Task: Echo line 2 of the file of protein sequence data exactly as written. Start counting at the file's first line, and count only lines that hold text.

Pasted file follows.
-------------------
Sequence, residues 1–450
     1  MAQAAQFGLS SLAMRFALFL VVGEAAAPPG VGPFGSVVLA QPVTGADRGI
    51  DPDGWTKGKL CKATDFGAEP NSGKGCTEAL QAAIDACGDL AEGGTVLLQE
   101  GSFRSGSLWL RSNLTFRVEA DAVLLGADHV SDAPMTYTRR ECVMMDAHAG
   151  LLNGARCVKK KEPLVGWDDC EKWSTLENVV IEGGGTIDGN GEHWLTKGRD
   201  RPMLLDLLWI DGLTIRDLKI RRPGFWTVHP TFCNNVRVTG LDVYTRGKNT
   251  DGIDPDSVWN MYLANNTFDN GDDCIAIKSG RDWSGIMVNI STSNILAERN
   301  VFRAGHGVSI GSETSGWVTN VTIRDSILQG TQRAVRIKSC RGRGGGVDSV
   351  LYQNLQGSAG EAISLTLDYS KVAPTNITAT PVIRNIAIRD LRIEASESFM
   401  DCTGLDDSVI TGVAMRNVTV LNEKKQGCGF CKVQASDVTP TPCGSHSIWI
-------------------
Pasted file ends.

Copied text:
     1  MAQAAQFGLS SLAMRFALFL VVGEAAAPPG VGPFGSVVLA QPVTGADRGI